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Exercise & Wellness


First Breath Program and The American Lung Association® – Freedom From Smoking®

Frist Breath

First Breath is a free program that helps pregnant women in Wisconsin quit smoking. It is a program that includes monthly check-ins with a trained quit coach, counseling, and mostly importantly a plan. This program is available to all Moreland OB patients. The program is offered throughout the state by the Wisconsin Women’s Health Foundation, a non-profit organization. To get started, give our office a call at 262-544-4411.

As a First Breath participant, you will receive the following at no cost:

  • Non-judgmental, one-on-one support
  • Self-help and educational materials for you, your family, and friends
  • Follow up support after delivery
  • Free incentives and a gift at delivery
  • Wisconsin Tobacco Quit Line access
First Breath 

Additional Information

Wisconsin Women’s Health Foundation
Wisconsin Tobacco Quit Line
1-800-QUIT-NOW (784-8669)

Freedom From Smoking® is Online!

Can’t attend a class? Just click away on web-based support from the American Lung Association®.

Visit and click on the Stop Smoking tab.  Scroll down and hit the join Freedom From Smoking option. Freedom From Smoking® Online is based on established behavior-change theory. Work through seven modules, containing five unique lessons. Download and complete activities to reinforce the messages and build commitment to quit.

  • No waiting list! Register and get started
  • Interactive message boards
  • Available 24/7
  • No schedule conflicts
  • Work at your own pace
  • It’s free!

Top 5 Reasons to Quit Smoking

  • You will have more energy and breathe easier.
  • You will save money that you can spend on other things.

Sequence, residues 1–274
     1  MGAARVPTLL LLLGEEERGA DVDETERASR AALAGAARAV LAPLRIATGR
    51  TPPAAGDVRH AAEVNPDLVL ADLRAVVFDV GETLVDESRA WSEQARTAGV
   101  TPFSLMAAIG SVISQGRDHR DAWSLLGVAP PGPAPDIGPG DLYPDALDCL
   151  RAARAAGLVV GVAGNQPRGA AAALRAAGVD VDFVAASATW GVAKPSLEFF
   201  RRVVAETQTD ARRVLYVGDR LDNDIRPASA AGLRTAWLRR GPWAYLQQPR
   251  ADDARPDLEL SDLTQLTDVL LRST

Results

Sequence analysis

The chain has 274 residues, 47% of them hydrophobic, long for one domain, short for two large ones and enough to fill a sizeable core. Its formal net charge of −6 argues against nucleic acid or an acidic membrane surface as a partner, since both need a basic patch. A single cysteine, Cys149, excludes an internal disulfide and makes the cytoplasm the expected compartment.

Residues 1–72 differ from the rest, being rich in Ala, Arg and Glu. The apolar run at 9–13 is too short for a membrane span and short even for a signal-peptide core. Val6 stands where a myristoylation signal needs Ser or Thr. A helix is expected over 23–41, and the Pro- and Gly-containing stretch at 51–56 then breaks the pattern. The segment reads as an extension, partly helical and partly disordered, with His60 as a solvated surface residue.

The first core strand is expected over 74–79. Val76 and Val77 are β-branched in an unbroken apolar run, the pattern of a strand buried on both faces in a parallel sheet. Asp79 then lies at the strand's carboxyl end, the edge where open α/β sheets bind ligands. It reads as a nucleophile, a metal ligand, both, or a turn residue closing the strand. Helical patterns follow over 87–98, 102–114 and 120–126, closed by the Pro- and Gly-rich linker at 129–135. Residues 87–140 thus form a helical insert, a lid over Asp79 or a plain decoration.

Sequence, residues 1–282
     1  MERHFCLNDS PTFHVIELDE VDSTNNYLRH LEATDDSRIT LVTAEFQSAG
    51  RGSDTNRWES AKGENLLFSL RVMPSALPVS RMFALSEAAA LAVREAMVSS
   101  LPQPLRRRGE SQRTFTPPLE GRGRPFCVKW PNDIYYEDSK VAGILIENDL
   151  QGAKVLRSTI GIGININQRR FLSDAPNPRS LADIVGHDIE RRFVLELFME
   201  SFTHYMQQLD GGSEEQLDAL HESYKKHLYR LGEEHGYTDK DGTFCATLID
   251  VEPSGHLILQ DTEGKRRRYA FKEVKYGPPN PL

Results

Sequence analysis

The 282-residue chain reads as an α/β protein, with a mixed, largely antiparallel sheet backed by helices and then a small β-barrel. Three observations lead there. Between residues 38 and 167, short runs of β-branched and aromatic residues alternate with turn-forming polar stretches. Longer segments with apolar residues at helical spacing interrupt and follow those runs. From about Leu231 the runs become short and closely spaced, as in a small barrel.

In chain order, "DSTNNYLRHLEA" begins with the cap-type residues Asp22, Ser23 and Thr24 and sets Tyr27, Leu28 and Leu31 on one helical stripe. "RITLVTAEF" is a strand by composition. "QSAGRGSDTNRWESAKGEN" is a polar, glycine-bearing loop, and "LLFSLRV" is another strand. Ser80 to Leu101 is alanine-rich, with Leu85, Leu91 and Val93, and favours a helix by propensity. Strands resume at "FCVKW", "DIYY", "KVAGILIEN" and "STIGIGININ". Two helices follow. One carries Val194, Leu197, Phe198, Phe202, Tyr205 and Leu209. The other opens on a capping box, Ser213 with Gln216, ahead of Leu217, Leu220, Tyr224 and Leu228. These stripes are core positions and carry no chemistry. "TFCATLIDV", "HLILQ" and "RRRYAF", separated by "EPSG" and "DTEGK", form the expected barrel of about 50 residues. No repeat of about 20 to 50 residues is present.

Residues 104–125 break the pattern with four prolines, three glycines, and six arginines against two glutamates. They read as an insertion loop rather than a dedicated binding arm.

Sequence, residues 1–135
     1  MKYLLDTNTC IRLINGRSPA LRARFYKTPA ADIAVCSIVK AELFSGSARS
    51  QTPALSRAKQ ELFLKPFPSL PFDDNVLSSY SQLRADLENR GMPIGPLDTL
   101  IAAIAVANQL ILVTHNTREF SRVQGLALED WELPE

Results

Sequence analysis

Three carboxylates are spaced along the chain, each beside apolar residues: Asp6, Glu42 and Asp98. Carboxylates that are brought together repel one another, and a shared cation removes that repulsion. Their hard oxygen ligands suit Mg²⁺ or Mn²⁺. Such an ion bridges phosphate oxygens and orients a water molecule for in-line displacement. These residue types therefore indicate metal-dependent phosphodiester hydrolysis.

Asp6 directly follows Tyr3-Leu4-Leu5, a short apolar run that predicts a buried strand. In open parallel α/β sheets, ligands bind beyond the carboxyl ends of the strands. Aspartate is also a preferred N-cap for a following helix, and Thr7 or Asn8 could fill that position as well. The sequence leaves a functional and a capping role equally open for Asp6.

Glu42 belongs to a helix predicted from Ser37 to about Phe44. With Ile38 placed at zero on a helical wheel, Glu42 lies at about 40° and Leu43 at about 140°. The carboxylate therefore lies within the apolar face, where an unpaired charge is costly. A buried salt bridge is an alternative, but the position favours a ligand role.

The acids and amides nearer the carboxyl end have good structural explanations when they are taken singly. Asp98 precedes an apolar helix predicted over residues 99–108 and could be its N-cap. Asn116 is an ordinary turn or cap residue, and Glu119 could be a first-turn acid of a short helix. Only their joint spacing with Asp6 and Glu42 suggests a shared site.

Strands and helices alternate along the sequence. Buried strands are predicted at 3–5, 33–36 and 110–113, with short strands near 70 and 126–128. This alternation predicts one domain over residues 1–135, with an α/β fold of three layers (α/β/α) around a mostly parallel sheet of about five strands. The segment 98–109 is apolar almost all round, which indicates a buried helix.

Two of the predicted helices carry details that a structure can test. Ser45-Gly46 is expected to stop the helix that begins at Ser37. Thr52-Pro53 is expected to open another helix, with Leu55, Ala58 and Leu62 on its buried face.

• Your clothes, car, and home will smell better.
  • Your skin and nails won’t be stained and you will have fewer wrinkles.
  • Food will smell and taste better.

The Wisconsin Tobacco Quit Line supported by the Wisconsin Department of Health. 1-800-QUIT-NOW

The Quit Line is free. The Quit Line is for people who are ready to make a quit attempt, preferably within 30 days. It is part of a treatment program.

American Cancer Society (ACS). Offers information, news, and support to help you quit smoking.


Human Papillomavirus (HPV) Infection

CDC estimates that by the age of 50, 4 out of 5 women will have been infected by HPV during their lifetime.  A male or female of any age who takes part in any kind of sexual activity that involves genital contact is at risk.

Many people who have HPV may not show any signs or symptoms. This means that they can pass on the virus to others and not know it.

Gardasil is a vaccine (injection/shot) that helps protect against the following diseases caused by Human Papillomavirus (HPV) Types in the vaccine (6, 11,16, and 18):

  • Cervical cancer (cancer of the lower end of the uterus or womb). Abnormal and precancerous cervical lesions.
  • Abnormal and precancerous vaginal lesions. Abnormal and precancerous vulvar lesions and Genital warts. Gardasil is for girls and women 9 through 26 years of age.

Gardasil helps prevent these diseases, but it will not treat them. You or your child cannot get these diseases from Gardasil. Gardasil is given as an injection. You or your child will receive three doses of the vaccine. Ideally, the doses are given as:

  • First dose: at a date you and your health care professional choose.
  • Second dose: 2 months after the first dose.
  • Third dose: 3 months after the first dose.



The Centers for Disease Control recommends that everyone over six months of age should receive a Flu vaccination every year. Please ask your medical provider about receiving the Flu shot at your next visit.

Source: Centers for Disease Control

Tetanus, Diphtheria, and Pertussis (Tdap)

Tetanus, diphtheria, and pertussis can be very serious diseases, even for adolescents and adults.

Tdap vaccine can protect adolescents and adults from tetanus, diphtheria, and pertussis. One dose of Tdap is routinely given at age 11 or 12. People who did not get Tdap at that age should get it as soon as possible. After that, you’ll need a Tdap booster dose every 10 years.

Tdap is especially important for health care professionals and anyone having close contact with a baby younger than 12 months.

Pregnant women should get a dose of Tdap during every pregnancy preferably between 27 weeks and 36 weeks of gestation. The Tdap vaccine is an effective and safe way to protect you and your baby from serious illness and complications of pertussis. Infants are most at risk for severe, life-threatening complications from pertussis.

Tdap vaccination is available at our clinic for women of all ages. Ask your provider for more information on the Tdap vaccine.

Source: Centers for Disease Control and American College of Obstetricians and Gynecologists

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